Carl Edwards advocated Friday for an independent drug testing “group” for competitors that would work in conjunction with NASCAR to assure the drivers’ interests are covered.
“This is just my theory, I think the drivers need to get together and we need to have our own group that is paid by us, that works for us, to be here in tandem with the NASCAR drug testers and have them test us at the same time so that we have not just an A and B sample, but an A and B testing facility, and we can all agree on that facility, (so) it’s no big deal,” Edwards said. “I don’t think it would be a contentious thing, I think that would remove almost all doubt in any situation of a positive test.
“If a driver had someone that they could go to and say, ‘Hey look, this is my representative. They tested at the same time on the same day and we have this result.’ If the results are the same, obviously I think we’d all agree that it was a positive, and if they’re different, I think it would give a different perspective. But I think until we do that, no matter what is found to be positive, no matter what the test results are, there is always gonna be that little question of, ‘Maybe there was a mistake.’”
AJ Allmendinger was temporarily suspended by NASCAR on July 7 after he failed a June 29 drug test taken at Kansas Speedway. A release from Allmendinger’s representative said his “A” urine sample came back positive for stimulants, but the driver “has never knowingly taken any prohibited substance.” Aegis Labs, which handles NASCAR’s testing program, has yet to schedule a date for Allmendinger’s “B” sample.
NASCAR established its drug-testing program in the fall of 2008. It was implemented for the 2009 season, but is well behind its stick and ball counterparts.
The National Basketball Association and National Basketball Players Association created their anti-drug policy in September 1983. The National Football League established its banned substances policy in 1987. Major League Baseball’s Joint Drug Prevention and Treatment Program was a collective effort between the MLB Players Association and the Office of the Commissioner of Baseball in the spring of 2006.
Unlike other major league sports, NASCAR currently does not have a players union to mediate on drivers’ behalf. Drivers have always been considered independent contractors.
Although Edwards has never tested positive for any substance during his NASCAR tenure, he’s thought “pretty hard” about testing. And Edwards is a workout enthusiast. He’s extremely vigilant when it comes to his diet and the supplements he uses.
“We’re all kind of in a position where, let’s be honest, it’s an imperfect world,” Edwards said. “People are imperfect. Tests are imperfect. The people who make different products sometimes use factories – one of the first things my trainer told me when he started working with me is he said, ‘Be careful. Anything you ingest is made somewhere and you don’t know what that factory was making the day before it made the product you’re using.’ Even if it’s just like a weight protein powder or something like that, you have to watch what you ingest.”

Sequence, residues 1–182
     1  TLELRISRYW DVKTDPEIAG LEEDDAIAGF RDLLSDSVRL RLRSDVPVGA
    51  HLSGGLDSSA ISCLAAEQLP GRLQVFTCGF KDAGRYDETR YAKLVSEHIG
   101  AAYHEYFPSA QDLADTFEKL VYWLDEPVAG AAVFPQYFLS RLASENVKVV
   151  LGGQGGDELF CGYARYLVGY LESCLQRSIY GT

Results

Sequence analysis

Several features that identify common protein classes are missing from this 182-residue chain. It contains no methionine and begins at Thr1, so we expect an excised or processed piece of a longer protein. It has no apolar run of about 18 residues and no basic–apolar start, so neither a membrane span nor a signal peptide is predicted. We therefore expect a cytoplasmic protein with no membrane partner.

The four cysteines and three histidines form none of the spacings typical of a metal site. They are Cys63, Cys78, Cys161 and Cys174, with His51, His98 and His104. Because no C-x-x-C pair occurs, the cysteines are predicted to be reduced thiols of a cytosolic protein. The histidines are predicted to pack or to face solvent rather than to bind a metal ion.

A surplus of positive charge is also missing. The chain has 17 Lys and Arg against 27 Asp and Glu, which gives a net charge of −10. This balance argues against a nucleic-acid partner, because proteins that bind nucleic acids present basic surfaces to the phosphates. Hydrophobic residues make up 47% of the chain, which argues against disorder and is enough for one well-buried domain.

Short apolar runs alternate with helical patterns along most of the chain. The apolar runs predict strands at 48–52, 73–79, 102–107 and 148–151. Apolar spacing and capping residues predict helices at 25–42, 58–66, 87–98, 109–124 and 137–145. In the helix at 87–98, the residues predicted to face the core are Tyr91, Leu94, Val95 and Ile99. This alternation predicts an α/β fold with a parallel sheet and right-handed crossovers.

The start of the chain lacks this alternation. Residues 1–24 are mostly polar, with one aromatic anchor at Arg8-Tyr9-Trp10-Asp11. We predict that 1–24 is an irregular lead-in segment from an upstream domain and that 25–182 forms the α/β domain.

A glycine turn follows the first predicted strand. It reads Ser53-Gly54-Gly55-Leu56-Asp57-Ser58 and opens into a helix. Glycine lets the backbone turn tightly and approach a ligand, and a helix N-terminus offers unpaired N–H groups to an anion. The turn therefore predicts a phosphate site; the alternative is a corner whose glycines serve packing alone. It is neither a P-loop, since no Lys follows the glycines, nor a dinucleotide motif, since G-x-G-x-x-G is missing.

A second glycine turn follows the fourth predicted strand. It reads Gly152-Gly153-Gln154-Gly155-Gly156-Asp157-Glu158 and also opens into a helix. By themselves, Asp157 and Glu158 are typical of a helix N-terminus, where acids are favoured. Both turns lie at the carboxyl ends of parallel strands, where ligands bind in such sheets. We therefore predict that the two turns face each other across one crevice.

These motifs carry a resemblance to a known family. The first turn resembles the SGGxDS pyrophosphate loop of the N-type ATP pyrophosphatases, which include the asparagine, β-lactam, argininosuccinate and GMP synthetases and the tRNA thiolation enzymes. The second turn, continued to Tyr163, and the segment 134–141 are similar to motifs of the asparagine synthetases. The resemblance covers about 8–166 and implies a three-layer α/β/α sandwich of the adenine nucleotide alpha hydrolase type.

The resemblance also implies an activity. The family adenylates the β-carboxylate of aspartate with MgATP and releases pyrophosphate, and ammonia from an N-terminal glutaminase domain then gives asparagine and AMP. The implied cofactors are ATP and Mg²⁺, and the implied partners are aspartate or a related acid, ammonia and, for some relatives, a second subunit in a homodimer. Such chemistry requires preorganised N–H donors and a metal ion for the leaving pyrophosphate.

Still if Edwards, one of the most successful and popular drivers on NASCAR’S Sprint Cup tour, ever flunked his drug test, would he know the proper procedure to follow after receiving a call from a medical review officer?
“No, I don’t,” Edwards said. “I trust that NASCAR is doing the very best they can. I trust that the Aegis group is doing the best they can, but I do think that what I know about AJ’s situation right now, I think that spurs all of us to think about what you’re asking. Do we have a plan in place?
“God forbid there was some mistake or something happened. I don’t have a plan in place. I don’t know what I’d do other than throw my hands up and say, ‘I swear.’ That really probably doesn’t do much for you, so I guess it would be prudent for us to come up with a plan.”
What a difference a year makes.
Entering the race at Loudon last year, Biffle was 14th in the points standings and had yet to win a race. Then Roush Fenway Racing replaced crew chief Greg Erwin with Matt Puccia. Although the team couldn’t turn its season around in time to qualify for the Chase to the Sprint Cup, Biffle posted three poles in the final 17 races.
At the end of the season, Puccia completely reconstructed the team.
“Matt changed the team up a whole bunch, figured out what our weaknesses were, where we needed to be better, and over the winter kind of overhauled the team,” Biffle said. “Starting this season in 2012, about four guys of the 15-18 that made up the (No.) 16 (team) were back and the rest were new guys kind of cherry-picked throughout the company and, of course, we closed a team at the end of the season, so some of the guys came from there.
“We’ve got a great group of guys, they built better cars. Our cars are coming out of the race shop better set up, better quality, the engines are really, really good and the confidence of the team was huge when we started this season and it’s shown that our performance has been right there as well.”
Biffle won at Texas – the seventh race of the season – and led the points standings this season for 11 of 13 weeks.
A funny thing happened at the border to Patrick Carpentier, who will reprise his driving career in the No. 99 NAPA Toyota for RAB Racing this weekend. Carpentier, 40, who was born in Ville LaSalle, Quebec but is now a U.S. citizen living in Las Vegas, was stopped on Route 133 coming out of Montreal.
“I forgot my US passport so I was pretty happy that I came through,” Carpentier said. “They didn’t want to let me through so we had to go inside for a chat. They said, ‘Are you a U.S. citizen?’ I said, ‘Yeah, I am — I’ve been here for many years.’ They said, ‘Well, if you lie to me then you’re going straight to jail.’ I was hoping he was going to find the passport and the citizenship on the computer, but my problem is going to be actually to go back to Montreal tonight.”